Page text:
If you need to have a toilet in your room during your Maine windjammer cruise, you want to consider Mistress, Heritage, and Victory Chimes. These are the boats that can provide that for you. The Mistress is the smallest boat in the Maine fleet (46') and carries just 6 guests and 2 crew. The Victory Chimes is the largest boat in the fleet (132') and carries 39 guests and 10 crew. She is also the most easily recognized because she has three masts. The Heritage (95') was built specifically for the windjammer business after the owners rebuilt and ran the Schooner Isaac H. Evans (65', built in 1886) for 10 years. Launched in 1983, she carries 30 guests and 8 crew. Capt. Doug and Linda have been sailing windjammers for 40 years and people come back year after year for their stories and hospitality.

I understand that there is an upcharge for the cabins that have private heads. But I also understand that they typically book quickly.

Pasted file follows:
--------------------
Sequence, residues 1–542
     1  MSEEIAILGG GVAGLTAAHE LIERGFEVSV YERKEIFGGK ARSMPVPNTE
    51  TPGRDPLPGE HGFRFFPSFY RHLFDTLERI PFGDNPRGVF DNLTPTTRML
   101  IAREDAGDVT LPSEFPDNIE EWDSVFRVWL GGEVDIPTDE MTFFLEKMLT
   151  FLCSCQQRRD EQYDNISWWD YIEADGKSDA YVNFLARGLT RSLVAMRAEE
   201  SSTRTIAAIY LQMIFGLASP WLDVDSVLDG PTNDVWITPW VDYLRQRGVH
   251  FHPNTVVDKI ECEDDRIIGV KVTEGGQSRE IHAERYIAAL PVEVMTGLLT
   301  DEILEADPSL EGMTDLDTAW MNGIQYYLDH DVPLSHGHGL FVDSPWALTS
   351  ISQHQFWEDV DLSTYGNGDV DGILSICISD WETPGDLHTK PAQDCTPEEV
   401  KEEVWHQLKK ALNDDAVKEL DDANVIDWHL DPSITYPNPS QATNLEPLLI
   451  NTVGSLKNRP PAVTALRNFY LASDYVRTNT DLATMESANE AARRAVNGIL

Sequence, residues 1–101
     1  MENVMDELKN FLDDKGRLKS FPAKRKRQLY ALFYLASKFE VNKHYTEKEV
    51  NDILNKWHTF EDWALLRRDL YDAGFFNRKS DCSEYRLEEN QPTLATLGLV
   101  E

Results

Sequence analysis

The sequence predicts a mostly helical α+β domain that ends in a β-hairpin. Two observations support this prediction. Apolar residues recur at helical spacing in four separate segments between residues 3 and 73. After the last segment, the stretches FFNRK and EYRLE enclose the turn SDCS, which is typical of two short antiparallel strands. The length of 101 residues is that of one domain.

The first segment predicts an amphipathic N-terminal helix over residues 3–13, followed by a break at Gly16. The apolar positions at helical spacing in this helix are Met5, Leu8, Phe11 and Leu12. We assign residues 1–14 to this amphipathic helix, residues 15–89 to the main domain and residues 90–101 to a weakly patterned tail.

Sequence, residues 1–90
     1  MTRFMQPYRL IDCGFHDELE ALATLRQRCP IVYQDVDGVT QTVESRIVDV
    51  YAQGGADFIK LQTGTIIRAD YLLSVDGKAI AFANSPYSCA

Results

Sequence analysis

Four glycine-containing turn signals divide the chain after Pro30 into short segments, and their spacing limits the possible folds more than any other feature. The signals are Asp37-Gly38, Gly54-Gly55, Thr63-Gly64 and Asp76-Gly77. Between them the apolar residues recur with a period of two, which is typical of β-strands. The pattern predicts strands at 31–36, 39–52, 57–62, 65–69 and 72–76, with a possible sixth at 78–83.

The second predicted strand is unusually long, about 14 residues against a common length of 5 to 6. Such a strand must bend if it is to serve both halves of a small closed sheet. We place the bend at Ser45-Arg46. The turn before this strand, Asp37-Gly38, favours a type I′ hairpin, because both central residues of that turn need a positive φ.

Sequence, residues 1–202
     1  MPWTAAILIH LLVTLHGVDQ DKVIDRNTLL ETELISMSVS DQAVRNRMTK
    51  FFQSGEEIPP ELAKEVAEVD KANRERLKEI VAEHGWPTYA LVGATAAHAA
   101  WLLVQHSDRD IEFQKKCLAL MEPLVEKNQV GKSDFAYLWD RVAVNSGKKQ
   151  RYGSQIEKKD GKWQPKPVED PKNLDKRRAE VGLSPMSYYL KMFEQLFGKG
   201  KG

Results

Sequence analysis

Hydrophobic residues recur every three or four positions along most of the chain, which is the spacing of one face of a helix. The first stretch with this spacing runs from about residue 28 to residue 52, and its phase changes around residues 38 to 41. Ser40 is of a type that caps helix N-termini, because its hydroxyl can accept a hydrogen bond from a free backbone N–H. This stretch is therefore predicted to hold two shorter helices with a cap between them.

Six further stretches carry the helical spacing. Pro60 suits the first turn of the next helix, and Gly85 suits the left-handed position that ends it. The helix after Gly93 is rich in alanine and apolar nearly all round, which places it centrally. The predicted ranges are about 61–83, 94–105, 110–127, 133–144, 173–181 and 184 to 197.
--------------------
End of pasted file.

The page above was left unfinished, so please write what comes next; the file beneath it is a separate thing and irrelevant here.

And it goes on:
Be forewarned that Maine windjamming is not much like Caribbean windjamming. You will tend to sail a lot during the day and anchor in the afternoon for dinner aboard. There is no rum punch (BYOB) and there are no scheduled shore excursions for shopping and such although you may venture ashore for a couple hours in a small fishing village once or twice during the trip. Most of the boats do an island lobster bake but the Chimes does theirs on the boat. The atmosphere on board is relaxed and fun . . . you're likely to find a musical crew that will entertain with sing-a-longs in the evening, or a captain that will tell stories, read nautical lore, or start a game night. You will not find bikini contests, piped in music, or a party atmosphere.